Repetitive Transcranial Magnetic Stimulation for Executive Function Deficits in Autism Spectrum Disorder and Effects on Brain Structure and Function

Friday, May 15, 2015: 5:30 PM-7:00 PM
Imperial Ballroom (Grand America Hotel)
S. Ameis, Center for Addiction and Mental Health, University of Toronto, Toronto, ON, Canada
Background: There are no satisfactory treatments for executive functioning (EF) deficits that predict real-world disability and long-term morbidity in individuals with high functioning autism spectrum disorder (HF-ASD). Our randomized, double-blind, sham-controlled pilot study results suggest that four weeks of repetitive transcranial magnetic stimulation (rTMS) applied to dorsolateral prefrontal cortex (DLPFC) can significantly improve EF performance in adults with schizophrenia (Cohen’s d=0.91). As there may be overlapping etiology resulting in EF impairments in HF-ASD and in schizophrenia, the same biological treatments may improve performance deficits in both conditions.

Objectives: To complete a pilot study exploring the novel application of rTMS to DLPFC for treatment of EF deficits in adolescents and young adults with HF-ASD. This pilot study focuses on evaluating the feasibility of implementing our rTMS treatment protocol in HF-ASD. Our primary aims are to: (i) determine if our rTMS protocol can be successfully applied in people with HF-ASD, (ii) examine whether active rTMS improves EF performance in HF-ASD, and (iii) use structural and functional MRI in a pre/post design to identify mechanisms of treatment response. 

Methods: We are using a randomized, double-blind, sham-controlled design comparing active (20Hz) vs. sham rTMS applied 5 days per week for 4 weeks bilaterally to DLPFC in young people with HF-ASD (active, N=20 vs. sham, N=20, 16-25 years). Outcome measures of EF performance (measured using Cambridge Neuropsychological Test Automated Battery) are being evaluated before and after the 4-week intervention. Structural and functional neuroimaging measures (MRI/DTI/rs-fMRI and task-based fMRI) will also be acquired at baseline, and at the end of the 4-week rTMS trial in HF-ASD subjects to assess for biomarkers of treatment response.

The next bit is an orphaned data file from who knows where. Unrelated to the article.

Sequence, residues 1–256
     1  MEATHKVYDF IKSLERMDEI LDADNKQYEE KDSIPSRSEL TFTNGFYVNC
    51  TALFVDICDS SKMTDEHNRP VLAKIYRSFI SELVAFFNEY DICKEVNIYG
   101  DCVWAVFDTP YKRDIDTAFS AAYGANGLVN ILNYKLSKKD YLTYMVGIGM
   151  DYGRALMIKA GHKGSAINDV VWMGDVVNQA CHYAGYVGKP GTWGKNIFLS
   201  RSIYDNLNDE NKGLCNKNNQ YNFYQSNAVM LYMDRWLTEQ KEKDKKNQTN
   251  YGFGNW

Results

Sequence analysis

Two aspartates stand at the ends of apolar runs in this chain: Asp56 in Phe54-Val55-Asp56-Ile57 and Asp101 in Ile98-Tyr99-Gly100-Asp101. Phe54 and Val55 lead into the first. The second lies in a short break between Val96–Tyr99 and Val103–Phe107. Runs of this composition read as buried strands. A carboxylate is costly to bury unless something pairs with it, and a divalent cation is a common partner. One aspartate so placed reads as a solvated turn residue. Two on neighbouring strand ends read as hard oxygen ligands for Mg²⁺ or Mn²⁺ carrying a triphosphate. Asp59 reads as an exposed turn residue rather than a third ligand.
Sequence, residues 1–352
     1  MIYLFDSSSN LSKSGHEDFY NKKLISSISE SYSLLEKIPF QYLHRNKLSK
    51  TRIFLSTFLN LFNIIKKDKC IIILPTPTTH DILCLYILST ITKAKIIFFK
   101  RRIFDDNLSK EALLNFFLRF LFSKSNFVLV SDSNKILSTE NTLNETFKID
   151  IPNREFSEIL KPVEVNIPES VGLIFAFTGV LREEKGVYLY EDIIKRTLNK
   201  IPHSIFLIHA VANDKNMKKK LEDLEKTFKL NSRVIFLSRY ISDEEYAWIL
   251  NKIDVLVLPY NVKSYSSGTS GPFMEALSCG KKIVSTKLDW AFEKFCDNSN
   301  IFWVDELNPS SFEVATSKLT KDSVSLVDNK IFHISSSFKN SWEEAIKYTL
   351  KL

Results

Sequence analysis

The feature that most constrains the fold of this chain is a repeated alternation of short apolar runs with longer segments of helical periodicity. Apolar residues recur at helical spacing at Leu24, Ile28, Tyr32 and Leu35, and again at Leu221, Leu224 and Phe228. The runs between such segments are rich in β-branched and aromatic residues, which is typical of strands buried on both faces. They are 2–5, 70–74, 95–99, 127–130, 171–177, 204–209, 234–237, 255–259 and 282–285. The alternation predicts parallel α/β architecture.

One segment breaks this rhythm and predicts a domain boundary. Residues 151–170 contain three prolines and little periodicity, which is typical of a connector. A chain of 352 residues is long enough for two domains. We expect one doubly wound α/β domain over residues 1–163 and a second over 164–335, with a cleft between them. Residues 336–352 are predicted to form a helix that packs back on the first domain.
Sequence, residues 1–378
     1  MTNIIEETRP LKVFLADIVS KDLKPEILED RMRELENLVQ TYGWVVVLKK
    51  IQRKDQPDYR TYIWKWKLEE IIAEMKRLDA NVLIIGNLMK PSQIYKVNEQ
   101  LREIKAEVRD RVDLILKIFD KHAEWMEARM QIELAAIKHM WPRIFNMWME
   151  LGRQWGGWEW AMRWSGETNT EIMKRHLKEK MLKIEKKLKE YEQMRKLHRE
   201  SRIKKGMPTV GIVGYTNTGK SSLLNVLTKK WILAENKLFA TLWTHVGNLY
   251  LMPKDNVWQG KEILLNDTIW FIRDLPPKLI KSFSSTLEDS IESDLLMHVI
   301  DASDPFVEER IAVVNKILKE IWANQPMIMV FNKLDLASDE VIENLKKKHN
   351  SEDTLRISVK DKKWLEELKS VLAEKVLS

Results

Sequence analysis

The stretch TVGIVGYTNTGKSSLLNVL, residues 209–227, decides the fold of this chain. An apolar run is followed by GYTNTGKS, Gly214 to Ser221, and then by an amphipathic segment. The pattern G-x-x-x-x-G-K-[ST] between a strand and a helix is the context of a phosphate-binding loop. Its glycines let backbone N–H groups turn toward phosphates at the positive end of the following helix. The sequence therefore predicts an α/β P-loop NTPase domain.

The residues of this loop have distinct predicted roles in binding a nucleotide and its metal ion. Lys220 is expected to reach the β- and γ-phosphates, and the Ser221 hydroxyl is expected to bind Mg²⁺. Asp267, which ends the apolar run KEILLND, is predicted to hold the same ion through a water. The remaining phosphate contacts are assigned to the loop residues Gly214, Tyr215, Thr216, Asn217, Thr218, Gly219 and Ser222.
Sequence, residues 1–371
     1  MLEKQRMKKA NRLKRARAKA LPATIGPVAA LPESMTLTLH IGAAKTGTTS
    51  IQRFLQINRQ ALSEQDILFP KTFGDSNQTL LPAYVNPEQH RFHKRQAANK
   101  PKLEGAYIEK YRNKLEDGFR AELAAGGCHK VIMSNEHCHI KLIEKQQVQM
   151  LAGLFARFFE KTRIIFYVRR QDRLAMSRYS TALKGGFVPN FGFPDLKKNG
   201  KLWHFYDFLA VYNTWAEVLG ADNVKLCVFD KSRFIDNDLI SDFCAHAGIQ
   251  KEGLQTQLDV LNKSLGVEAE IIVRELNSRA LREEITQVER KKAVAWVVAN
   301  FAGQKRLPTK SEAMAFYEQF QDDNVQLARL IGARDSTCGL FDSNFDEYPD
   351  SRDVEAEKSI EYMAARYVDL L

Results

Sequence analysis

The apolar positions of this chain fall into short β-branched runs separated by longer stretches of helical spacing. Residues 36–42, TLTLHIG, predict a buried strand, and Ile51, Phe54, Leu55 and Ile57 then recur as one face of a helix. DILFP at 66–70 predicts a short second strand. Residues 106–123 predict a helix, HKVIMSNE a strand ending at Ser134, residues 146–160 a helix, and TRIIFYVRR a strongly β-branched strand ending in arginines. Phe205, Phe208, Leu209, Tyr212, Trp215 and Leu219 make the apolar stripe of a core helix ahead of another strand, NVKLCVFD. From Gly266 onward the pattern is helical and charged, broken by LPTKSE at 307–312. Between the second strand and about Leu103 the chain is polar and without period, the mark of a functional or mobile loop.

Results: We have now started recruitment for our clinical trial and have four subjects who have entered into our study protocol within a short period of time. Thus far, there is considerable interest among individuals with HF-ASD to enter into our study and initial participants are tolerating our protocol well. Over the next six months, we anticipate that twelve participants with ASD will have completed our study protocol.  

Conclusions: At IMFAR 2015, we will present our novel protocol, as well as preliminary data regarding the feasibility of implementing our study protocol in HF-ASD participants. In addition, we will present preliminary neuroimaging results including: associations between baseline measures of cognitive performance and DLPFC structure and DLPFC activation, as well as microstructure of white matter tracts connecting to the DLPFC.